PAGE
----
HeinekeN launched a $4.1bn counter-bid for Asia Pacific Breweries (APB) yesterday, trumping a surprise offer for the maker of Tiger Beer by a Thai billionaire and setting the stage for a two-way battle.
The fight for APB comes amid a wave of industry consolidation and steady growth for emerging-market beer sales.
The $3.03bn bid for stakes in APB and Singapore food and beverage conglomerate Fraser and Neave by companies linked to Charoen Sirivadhanabhakdi would give his beer empire more exposure to Southeast Asian markets and eclipses all previous overseas deals by a Thai group.
Heineken, the world’s number three brewer, reacted quickly to the Thai intrusion earlier this week.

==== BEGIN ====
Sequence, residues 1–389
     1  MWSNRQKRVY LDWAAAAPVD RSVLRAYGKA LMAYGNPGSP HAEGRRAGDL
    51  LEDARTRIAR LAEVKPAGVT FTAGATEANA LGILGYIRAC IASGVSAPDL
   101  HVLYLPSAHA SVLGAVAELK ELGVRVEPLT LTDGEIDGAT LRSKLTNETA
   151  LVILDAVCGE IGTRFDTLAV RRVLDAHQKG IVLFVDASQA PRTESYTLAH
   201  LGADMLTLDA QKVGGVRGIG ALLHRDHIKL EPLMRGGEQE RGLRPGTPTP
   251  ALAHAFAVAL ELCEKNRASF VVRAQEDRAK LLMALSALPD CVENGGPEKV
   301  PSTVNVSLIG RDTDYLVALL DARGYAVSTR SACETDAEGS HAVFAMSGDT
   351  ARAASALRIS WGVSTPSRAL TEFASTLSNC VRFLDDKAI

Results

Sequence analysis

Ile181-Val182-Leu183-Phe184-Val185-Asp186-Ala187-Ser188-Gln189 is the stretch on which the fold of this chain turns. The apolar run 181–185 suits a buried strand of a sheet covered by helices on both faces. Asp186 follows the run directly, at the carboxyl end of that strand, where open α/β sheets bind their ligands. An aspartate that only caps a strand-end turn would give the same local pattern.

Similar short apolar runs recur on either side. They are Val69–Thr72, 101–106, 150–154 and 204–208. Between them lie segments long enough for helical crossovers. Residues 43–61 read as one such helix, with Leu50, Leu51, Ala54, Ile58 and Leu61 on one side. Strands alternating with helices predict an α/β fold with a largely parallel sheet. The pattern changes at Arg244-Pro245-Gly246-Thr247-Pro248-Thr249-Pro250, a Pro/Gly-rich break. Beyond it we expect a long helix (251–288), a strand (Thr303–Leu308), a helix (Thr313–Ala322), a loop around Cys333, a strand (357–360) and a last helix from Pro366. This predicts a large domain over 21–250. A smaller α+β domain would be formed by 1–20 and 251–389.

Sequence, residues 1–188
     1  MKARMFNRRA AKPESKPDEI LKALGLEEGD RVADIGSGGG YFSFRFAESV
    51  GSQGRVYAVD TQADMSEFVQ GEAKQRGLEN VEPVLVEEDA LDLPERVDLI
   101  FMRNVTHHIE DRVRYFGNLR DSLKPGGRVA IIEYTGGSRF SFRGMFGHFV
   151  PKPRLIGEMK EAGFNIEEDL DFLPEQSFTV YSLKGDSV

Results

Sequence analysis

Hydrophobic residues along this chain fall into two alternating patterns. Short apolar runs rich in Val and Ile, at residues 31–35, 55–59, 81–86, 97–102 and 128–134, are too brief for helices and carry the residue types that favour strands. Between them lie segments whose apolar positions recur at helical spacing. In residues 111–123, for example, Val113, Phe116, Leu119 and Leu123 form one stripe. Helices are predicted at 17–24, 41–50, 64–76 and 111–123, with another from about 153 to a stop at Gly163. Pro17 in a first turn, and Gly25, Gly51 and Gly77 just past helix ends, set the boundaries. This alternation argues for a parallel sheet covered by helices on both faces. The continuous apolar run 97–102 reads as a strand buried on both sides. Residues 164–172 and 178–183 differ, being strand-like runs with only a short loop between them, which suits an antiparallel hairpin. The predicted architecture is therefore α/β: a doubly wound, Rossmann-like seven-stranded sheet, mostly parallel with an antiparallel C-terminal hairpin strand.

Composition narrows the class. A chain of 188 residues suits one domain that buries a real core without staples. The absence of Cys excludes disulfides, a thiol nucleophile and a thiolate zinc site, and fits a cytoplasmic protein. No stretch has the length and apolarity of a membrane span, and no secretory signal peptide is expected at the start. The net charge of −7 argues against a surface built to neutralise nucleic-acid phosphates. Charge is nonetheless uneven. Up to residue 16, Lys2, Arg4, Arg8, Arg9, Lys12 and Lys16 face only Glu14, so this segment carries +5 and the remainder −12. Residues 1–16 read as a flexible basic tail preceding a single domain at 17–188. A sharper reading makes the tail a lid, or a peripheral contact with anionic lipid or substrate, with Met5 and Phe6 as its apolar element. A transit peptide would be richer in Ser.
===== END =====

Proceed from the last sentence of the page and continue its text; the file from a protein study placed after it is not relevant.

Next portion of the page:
Asia is a key revenue driver for the Dutch brewer at a time of sluggish growth in the Americas and declining sales in its home market of Western Europe.
“People were expecting something from either Heineken or Kirin, but how fast Heineken moved is the surprising thing,” said Andrew Chow, head of research at UOB-Kay Hian in Singapore.
F&N owns 40 per cent of APB, while Heineken already holds 42 per cent of the beer maker, a stake that it treasures given Asia’s fast-growing beer market. Japan’s Kirin Holdings owns a 14.7 per cent stake in F&N.
Heineken said it would acquire F&N’s direct and indirect stakes in APB, one of the biggest Asia-Pacific breweries, putting a S$50-per-share bid on the table.
That tops a S$45-a-share offer for APB proposed by a company linked to Charoen.